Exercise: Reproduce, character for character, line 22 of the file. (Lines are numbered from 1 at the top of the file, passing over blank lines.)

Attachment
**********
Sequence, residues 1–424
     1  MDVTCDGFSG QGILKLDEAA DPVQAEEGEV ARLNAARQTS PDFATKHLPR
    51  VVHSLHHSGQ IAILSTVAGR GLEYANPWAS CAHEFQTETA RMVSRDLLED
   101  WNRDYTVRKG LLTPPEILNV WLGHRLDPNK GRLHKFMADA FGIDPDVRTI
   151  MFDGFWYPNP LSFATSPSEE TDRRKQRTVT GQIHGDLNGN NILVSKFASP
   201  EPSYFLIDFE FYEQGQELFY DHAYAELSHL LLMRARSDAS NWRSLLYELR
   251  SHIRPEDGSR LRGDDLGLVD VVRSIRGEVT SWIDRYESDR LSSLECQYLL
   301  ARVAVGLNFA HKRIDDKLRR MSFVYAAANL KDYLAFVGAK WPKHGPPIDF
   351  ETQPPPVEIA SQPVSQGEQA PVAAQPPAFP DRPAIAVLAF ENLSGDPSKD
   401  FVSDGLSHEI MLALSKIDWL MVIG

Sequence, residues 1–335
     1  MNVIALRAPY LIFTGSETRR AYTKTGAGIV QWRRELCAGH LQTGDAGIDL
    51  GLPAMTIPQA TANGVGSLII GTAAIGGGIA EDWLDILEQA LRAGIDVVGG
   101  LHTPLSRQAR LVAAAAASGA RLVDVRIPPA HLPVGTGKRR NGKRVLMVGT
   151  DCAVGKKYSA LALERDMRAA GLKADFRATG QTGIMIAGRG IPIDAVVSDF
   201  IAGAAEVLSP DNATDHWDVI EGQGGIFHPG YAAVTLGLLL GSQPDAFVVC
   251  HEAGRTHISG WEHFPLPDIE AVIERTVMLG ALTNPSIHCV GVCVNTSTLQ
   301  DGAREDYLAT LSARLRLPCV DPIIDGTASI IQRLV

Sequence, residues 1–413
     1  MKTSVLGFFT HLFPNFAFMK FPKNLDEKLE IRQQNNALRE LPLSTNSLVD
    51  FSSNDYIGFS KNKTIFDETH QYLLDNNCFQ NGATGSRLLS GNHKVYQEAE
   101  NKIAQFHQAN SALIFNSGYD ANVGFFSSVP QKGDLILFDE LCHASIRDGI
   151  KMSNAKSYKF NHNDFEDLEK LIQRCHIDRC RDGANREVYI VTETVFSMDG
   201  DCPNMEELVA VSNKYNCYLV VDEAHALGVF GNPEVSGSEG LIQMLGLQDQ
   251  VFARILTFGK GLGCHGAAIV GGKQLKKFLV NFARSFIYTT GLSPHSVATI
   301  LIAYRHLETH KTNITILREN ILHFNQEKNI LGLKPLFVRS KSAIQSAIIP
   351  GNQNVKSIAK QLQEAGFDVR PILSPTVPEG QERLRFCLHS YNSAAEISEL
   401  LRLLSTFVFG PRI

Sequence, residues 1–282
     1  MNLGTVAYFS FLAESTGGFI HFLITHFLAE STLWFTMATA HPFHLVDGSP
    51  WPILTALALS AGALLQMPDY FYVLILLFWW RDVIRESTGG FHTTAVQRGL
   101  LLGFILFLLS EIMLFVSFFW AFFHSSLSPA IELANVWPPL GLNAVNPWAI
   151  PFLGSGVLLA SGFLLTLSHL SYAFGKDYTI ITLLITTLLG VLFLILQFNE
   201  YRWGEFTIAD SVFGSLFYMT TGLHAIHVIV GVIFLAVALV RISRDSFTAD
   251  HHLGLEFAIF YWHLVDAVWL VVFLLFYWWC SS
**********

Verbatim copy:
   101  NKIAQFHQAN SALIFNSGYD ANVGFFSSVP QKGDLILFDE LCHASIRDGI